However, in line with the framework of Manichaean democracy against autocracy, the United States is deviating from such steps and putting forward initiatives in a developing world as a choice between the two countries. The Biden administration positions B3W as a “high-quality” alternative to BRI, although its much lower levels of funding are unlikely to be involved in such projects. Members of the administration continue to condemn China’s foreign projects as part of a sinister “debt trap” aimed at seizing control of strategic assets, a claim that has been repeatedly refuted. The U.S. Innovation and Competition Act (USICA), which was easily passed by the Senate last year, shows the BRI as part of a far-reaching attack on both the U.S. and the “future peace, prosperity and freedom of the international community.” It includes a provision requiring the Inter-American Development Bank (IDB), a multilateral development bank focused on Latin America and the Caribbean, to prohibit borrowers from taking loans from Chinese institutions.
Developing countries will be the first to pay the cost of such a choice or-and, and they resist it. Mia Motley, a senior Barbadian prime minister, has opposed criticism of China’s economic ties, arguing that her country hopes to be “friends of all and sundry” and welcomes any foreign investment that serves the needs of its people. Similarly, Pacific island nations sought to “avoid involvement in strategic competition” between the United States and China, and Southeast Asian countries were wary of new alliances such as the anti-Chinese Aucus (Australia-UK-US).
But the U.S. approach also has much more terrible and systemic dangers. The American vision of zero-sum competition between the BRI and B3W initiatives is just one aspect of an overall strategy aimed at curbing China’s growth. The main focus of Biden’s foreign policy was the organization of US allies – most of the world’s richest countries – into an economic and military bloc united around this deterrence strategy.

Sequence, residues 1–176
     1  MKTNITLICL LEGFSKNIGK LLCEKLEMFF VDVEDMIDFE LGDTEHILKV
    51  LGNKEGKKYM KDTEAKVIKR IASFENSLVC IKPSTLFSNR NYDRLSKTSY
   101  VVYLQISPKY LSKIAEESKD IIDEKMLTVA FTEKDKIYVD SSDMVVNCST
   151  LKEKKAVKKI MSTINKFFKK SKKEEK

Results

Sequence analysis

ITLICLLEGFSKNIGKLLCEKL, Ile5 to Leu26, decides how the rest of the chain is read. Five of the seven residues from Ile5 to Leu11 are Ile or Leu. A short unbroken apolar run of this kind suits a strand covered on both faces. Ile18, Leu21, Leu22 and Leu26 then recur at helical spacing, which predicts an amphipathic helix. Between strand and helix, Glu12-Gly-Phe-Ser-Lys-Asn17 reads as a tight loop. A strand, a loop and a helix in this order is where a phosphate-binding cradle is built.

This encourages China to similarly seek its own economic and military bloc to ensure continued economic growth and military security. It also heightens angry and resentful impulses in Chinese politics, fueling China’s own brand of destructive nationalism with zero amount. This is the dynamic that led to the infamous Putin-C meeting. Chinese leaders are concerned that they have no choice but to strengthen China-Russia relations because they believe the US-led bloc is already seeking to undermine China’s rise, which seems to leave them with two options: face big the U.S. and European states alone, or next to Russia as a peer-to-large power, which in turn exacerbates China’s tensions with the U.S. and its allies in Europe. If the growing spiral of confrontation, uncertainty, nationalism and bloc formation continues unchecked, it threatens to unleash a global conflict that will undermine liberal values on both sides even more confidently than current fears about the alleged “arc of autocracy”.
But it is not too late to choose another path. Cooperation between China and the West combined with the adoption of China’s peaceful rise would increase China’s sense of its options and its willingness to take risks in line with other Western priorities. This may include pressure to limit Russian aggression. Wider cooperation between the United States and China on infrastructure and other global public goods would benefit developing countries and would show a fair, sustainable, and peaceful alternative to escalating rivalry between great powers. We need to take China’s openness to this seriously.
Tobita Chow is the director of Justice Is Global, the People’s Action Project and the People’s Action Institute
Jake Werner is a global Chinese postdoctoral fellow at Boston University’s Center for Global Development Policy